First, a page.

I will say that in the years since the above, there appears to be a desire in the minds of some tournament promoters to get back to more traditional standards. I will have to admit though, that it is extremely hard to "run" these tournaments and still maintain participation enough to "pay the bills". The change in standards back to where they should be, has to be done gradually without most realizing what is going on. Otherwise, someone is going to feel like that they are being "picked on" or insulted. What a shame, when a master has to guided back to what a master should be in the first place. Some rules have to be instituted to protect oneself from being sued in this, "I, me, myself, no-one-else-counts", society. It's a shame when the martial arts have to soften themselves in "defense" of a possible law-suit, in an entity where contact and injury is expected, until it happens to "me".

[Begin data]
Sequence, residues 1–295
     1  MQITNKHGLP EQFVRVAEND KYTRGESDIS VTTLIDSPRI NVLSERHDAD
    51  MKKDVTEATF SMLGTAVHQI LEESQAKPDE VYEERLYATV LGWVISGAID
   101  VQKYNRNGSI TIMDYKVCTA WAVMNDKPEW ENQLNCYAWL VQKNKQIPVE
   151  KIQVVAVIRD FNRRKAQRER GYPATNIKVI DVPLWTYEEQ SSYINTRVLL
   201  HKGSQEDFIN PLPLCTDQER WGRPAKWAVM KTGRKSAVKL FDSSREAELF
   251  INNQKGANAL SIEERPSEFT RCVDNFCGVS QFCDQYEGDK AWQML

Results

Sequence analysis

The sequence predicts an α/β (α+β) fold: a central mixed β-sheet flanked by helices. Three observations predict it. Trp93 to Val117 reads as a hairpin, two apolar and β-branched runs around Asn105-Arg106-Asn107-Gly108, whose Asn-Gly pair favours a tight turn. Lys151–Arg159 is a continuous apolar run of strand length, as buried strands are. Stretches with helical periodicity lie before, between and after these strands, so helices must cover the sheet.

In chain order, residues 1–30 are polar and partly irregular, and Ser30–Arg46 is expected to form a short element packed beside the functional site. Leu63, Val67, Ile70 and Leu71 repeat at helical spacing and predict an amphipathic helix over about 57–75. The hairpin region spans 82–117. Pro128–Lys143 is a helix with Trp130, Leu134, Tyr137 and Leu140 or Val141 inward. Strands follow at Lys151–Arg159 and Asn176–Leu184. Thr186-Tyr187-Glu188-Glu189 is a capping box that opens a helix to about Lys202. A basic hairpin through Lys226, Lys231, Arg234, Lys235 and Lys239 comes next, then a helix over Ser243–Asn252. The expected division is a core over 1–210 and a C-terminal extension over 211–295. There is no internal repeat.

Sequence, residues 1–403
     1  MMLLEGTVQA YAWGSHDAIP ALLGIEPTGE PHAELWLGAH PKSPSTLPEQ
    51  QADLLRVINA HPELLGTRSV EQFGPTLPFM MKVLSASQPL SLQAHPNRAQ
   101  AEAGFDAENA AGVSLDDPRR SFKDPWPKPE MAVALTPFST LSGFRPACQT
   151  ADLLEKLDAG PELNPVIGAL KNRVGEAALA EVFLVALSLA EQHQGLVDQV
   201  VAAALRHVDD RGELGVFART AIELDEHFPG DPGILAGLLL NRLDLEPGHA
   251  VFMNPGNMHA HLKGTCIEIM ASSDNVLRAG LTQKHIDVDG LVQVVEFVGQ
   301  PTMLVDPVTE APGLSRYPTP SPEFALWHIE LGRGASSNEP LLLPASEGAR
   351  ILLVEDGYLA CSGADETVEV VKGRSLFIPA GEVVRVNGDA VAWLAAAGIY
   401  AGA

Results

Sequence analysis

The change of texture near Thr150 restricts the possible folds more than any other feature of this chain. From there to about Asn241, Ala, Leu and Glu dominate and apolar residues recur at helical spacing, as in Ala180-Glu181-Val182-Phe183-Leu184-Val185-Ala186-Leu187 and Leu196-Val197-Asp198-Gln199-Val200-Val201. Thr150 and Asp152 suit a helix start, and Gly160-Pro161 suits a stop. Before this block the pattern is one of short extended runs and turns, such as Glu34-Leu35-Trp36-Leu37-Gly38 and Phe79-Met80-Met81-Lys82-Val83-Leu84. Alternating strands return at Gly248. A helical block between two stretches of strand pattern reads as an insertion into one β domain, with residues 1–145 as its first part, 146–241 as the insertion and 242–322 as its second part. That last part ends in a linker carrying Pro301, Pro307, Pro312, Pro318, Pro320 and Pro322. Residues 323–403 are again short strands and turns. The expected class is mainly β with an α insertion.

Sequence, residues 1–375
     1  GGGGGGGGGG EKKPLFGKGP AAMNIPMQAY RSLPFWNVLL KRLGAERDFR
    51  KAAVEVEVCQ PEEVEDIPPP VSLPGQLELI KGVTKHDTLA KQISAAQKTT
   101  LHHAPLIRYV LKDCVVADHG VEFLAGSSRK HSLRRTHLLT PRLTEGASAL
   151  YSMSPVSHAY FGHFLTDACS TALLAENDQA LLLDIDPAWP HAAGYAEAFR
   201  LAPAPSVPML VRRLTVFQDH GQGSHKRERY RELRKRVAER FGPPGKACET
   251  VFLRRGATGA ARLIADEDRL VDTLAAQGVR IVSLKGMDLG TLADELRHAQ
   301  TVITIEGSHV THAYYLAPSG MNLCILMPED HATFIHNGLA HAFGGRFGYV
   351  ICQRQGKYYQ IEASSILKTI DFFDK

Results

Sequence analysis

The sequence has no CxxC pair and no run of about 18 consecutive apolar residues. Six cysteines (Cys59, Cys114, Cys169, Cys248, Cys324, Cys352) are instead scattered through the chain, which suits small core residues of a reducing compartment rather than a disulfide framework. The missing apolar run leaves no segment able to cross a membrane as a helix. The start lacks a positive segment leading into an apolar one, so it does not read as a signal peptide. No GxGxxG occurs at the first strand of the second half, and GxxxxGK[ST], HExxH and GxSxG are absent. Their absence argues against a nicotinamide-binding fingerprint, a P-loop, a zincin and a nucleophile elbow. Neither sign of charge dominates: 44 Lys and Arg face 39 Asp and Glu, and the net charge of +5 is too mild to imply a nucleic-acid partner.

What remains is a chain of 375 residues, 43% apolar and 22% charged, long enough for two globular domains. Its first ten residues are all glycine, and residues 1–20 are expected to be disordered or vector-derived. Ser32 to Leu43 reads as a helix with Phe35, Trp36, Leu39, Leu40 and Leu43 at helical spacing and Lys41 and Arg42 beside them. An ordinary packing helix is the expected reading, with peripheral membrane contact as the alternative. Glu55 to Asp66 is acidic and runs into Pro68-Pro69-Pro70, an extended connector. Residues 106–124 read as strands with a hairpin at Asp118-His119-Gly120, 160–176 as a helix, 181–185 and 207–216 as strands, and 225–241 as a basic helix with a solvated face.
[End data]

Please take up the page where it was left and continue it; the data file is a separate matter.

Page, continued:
Even with the modern day world restrictions, it is my goal before it is too late for me, to help in rebuilding the Martial Arts as it was 20 years ago. It may only be in our local area, but maybe with the help of some dedicated students, expanding it outward. As you can see, this is a very important part of my life and I firmily believe in its purpose. Not as it appears in appearance and conversation, but as it truly is. As I stated above, you would think that I want the violence of the art, but it is not that at all, but in the development of a positive attitude that develops from the commitment of contact, which can not occur from punching and kicking at the "air" of which no competitor exists.. Everyone can be brave when no competitor exists in facing you, nose to nose. It is said that life acquires more of a purpose when you can face death with a calmness of mind and acceptance. This can not be developed by fighting "air" and being counted for it. Someone once said that: "The Martial Arts with out philosopy are harmful, if not dangerous". Well, I have a philosophy that states: "The Martial Arts should be for building spirit and courage that will allow you to factually survive and not a false sense of security that will cause you harm in the real world".